Matthews is a likely second round pick with the potential to climb into the first round should he prove to be a more consistent three-point shooter. He shot just 31.8 percent from beyond the arc this past season.

Virginia’s Hunter to return to school for sophomore season

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De’Andre Hunter announced on Friday afternoon that he will not be entering his name into the NBA draft and will return to Virginia for his redshirt sophomore season, a decision that will have as much of an impact on the 2018-19 college basketball season as any that is made this spring.

Hunter, now a potential top ten pick in the 2019 NBA Draft, was one of the breakout stars of the 2017-18 season. A 6-foot-7 combo-forward with a 7-foot-1 wingspan, Hunter averaged 9.2 points and 3.5 boards while shooting 38.2 percent from three in just under 20 minutes a night for a Virginia team whose pace severely limits the kind of numbers a player like him can put up.

Throw in his ability to defend on the perimeter and in the paint, and Hunter is precisely the kind of player that NBA teams are looking to land as basketball becomes more and more built on positional versatility and the ability to space the floor.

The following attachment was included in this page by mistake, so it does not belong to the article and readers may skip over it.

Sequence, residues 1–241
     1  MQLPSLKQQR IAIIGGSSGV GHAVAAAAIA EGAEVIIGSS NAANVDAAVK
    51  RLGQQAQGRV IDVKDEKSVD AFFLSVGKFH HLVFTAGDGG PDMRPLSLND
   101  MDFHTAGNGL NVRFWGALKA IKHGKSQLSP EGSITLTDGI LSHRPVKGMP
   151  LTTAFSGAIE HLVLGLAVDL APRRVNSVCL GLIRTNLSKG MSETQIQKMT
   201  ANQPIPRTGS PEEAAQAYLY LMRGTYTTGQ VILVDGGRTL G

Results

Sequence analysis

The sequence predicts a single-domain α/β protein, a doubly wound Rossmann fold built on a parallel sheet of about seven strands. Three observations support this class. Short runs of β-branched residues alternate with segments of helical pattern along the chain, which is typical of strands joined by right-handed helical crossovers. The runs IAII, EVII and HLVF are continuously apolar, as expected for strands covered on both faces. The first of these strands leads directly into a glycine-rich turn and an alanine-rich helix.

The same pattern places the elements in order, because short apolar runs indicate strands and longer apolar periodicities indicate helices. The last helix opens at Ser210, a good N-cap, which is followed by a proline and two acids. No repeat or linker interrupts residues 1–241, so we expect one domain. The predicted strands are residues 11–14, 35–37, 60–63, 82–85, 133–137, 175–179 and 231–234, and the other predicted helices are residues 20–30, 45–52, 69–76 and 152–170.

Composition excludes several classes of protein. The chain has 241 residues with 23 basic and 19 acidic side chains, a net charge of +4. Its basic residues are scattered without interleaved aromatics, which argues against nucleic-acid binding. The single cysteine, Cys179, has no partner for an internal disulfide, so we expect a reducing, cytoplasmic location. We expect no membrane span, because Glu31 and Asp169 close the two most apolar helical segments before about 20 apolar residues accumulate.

And it’s that versatility that will make Hunter so important for the Cavaliers next season.

Let’s go beyond the simple fact that he is going to be the only guy on the Virginia roster that can create his own shot against length and athleticism and that there is a chance that he could end up being an all-american next season if things play out the right way. What makes Hunter so important to Virginia his that his defensive versatility is what allows Virginia to matchup with teams that want to try and play small-ball against them.

That’s precisely what UMBC did in the first round of the NCAA tournament, a game that Hunter missed with a broken wrist. We all know how that played out, and I’m not even dumb enough to pin all the blame of a 20-point loss to a No. 16 seed on a guy that played less than 20 minutes a night.